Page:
Coroner releases report into tourist‘s death

Ji Li’s body was found at the Red Crater in 2019. Supplied images.

A coroner has found that Chinese tourist Ji Li died of hypothermia after a series of ill-fated decisions left her tramping solo in the Tongariro National Park in October 2019.

The New Zealand Mountain Safety Council says recommendations adopted by Coroner Matthew Bates highlights many of the common issues trampers and walkers face when exploring in New Zealand’s outdoors.

These recommendations include choosing the right trip for you, understanding the weather, packing warm clothes and extra food, sharing your plans and taking ways to get help, and taking care of yourself and each other. 

Coroner Bates’ report states while Ji had packed the correct clothing, extra food, shared her plans with her group as well as carrying a cell phone, she did not follow the three other steps of the code.   

MSC Chief Executive Mike Daisley says had Ji followed the remaining steps of the code, she may still be alive today. 

Ji and three other women travelled from China for a three-week holiday exploring New Zealand.

On the morning of October 18, the group of four set out from the Whakapapa Village on a two-day tramp of the Tongariro Northern Circuit Great Walk.

The group’s initial error was missing the Mangatepopo/Lower Taranaki Falls Track turnoff which was their intended direction of travel.

It was not until several hours later, when the group arrived at Tama Lakes, they realised their navigational error.

It was there that three of them decided to return to Whakapapa Village because one of the party was not feeling fit enough and one fell unwell.

Ji decided to continue on and complete the track alone, but in the reverse direction of the group’s original plan.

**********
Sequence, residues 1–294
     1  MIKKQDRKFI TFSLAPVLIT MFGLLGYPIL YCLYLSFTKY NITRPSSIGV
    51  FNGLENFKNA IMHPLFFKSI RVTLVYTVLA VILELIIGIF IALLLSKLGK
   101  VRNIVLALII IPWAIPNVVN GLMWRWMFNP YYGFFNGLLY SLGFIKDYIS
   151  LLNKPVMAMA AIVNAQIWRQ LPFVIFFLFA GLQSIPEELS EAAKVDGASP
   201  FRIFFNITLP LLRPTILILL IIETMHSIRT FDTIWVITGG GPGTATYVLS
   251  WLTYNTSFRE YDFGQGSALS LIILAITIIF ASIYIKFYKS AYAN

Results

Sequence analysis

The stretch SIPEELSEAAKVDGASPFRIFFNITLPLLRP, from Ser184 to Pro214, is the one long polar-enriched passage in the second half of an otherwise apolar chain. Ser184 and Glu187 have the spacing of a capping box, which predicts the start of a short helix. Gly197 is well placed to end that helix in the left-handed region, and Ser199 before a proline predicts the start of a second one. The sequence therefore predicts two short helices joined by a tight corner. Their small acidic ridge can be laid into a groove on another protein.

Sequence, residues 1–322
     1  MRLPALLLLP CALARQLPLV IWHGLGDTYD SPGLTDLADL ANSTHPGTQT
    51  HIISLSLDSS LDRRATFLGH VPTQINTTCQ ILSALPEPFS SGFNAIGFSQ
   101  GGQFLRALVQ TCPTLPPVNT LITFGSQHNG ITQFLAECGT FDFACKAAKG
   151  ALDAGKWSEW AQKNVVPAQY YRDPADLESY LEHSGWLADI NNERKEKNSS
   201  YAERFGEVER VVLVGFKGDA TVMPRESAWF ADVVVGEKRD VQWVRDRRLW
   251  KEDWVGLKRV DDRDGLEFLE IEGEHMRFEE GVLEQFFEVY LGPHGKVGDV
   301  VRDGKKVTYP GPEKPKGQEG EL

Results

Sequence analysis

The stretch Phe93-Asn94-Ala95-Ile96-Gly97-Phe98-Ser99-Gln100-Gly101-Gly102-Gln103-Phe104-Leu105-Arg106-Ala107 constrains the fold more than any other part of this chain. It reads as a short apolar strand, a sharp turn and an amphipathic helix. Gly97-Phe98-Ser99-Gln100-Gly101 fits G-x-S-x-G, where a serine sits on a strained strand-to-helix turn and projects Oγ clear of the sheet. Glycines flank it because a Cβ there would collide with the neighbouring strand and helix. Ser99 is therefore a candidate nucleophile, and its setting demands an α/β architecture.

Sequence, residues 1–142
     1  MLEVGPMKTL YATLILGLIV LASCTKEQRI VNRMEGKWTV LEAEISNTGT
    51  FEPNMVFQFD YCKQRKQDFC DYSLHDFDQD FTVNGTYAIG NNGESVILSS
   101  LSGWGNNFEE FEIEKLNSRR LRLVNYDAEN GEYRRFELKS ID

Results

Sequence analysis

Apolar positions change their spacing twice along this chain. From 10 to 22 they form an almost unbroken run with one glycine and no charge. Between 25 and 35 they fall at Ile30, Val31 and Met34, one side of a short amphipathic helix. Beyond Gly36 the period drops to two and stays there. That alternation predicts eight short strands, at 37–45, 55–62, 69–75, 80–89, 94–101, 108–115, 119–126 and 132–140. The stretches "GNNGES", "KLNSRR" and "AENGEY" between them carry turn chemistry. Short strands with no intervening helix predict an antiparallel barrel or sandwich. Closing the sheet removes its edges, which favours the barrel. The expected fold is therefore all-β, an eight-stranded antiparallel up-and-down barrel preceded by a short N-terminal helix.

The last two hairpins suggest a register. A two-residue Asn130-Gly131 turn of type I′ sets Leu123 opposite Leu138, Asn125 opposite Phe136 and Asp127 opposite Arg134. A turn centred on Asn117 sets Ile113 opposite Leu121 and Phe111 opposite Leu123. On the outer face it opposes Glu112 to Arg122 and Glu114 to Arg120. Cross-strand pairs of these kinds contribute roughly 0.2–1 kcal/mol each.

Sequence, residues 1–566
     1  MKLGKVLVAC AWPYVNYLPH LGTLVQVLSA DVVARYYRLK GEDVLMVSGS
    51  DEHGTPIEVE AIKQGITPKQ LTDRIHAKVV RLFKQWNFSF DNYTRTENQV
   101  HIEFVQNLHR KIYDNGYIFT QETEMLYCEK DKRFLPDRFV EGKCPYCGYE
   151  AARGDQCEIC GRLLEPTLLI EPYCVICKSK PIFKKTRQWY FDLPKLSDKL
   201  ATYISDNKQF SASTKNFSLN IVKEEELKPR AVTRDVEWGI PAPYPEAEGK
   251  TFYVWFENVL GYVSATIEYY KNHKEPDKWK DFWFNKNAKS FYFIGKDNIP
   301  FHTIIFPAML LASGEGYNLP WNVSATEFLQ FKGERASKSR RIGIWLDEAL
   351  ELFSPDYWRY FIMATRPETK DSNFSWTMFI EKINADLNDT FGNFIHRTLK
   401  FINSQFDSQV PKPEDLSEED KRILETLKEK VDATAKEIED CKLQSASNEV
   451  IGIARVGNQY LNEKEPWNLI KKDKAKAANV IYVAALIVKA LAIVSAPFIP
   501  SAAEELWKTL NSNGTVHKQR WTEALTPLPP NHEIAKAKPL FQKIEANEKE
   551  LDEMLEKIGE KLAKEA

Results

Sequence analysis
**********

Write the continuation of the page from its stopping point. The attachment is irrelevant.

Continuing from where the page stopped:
Separating from the group was the second of the significant errors that subsequently lead to Ji’s death.

When she did not return to Whakapapa Village the next day, as agreed, she was reported missing.

Her body was found at the bottom of Red Crater later that day. 

Her exact route after splitting off from the party will remain uncertain but in MSC’s report to the Coroner, several scenarios were considered.

Coroner Bates decided the most likely scenario was that Ji stayed overnight at Oturere Hut on October 18, then continued the next day towards Red Crater, with the intention to descend to Mangatepopo Valley and then return to Whakapapa Village.

Overnight and during the morning of October 19, Mt Tongariro experienced blizzard conditions, gale-force winds with a wind chill factor of -4.4C. 

Despite being well dressed, Ji became hypothermic as she continued walking, resulting in a decline in cognitive ability and decision-making.

Suffering from hypothermia and experiencing strong gale-force winds resulted in her stumbling regularly, and walking would have become very difficult, the report says.

Eventually, she tried to warm herself by getting into her sleeping bag, however her hypothermic condition was so far progressed that she no longer had the ability to get inside it. 

Given the conditions, Ji would have lost consciousness soon afterwards before eventually dying. 

Ji’s death is a tragic reminder of the risks associated with solo tramping and Coroner Bates hopes his recommendations will help reduce tragic deaths, such as Li’s, happening again.

MSC Chief Executive Mike Daisley.

Mike says even for the most experienced New Zealand trampers, solo trips have considerable risks. 

“The group’s decision to attempt this three-day trip in two days applied an unnecessary and unrealistic element of complexity and pressure, essentially resulting in the trip becoming an overambitious choice that was unsuited to the weather and timeframes.”

Coroner Bates also suggests using the Plan My Walk app by MSC as a planning tool and as another way to notify a trusted contact of your plans.

MSC expresses its sincere condolences to Li Ji’s family and friends, and her tramping party. 

The NZ Land Safety Code is as follows:

1. Choose the right trip for you

Learn about the route and make sure you have the skills for it.

2. Understand the weather

It can change fast. Check the forecast and change your plans if needed.

3. Pack warm clothes and extra food

Prepare for bad weather and an unexpected night out.

4. Share your plans and take ways to get help

Telling a trusted person your trip details and taking a distress beacon can save your life.

5. Take care of yourself and each other

Eat, drink, and rest, stick with your group and make decisions together.



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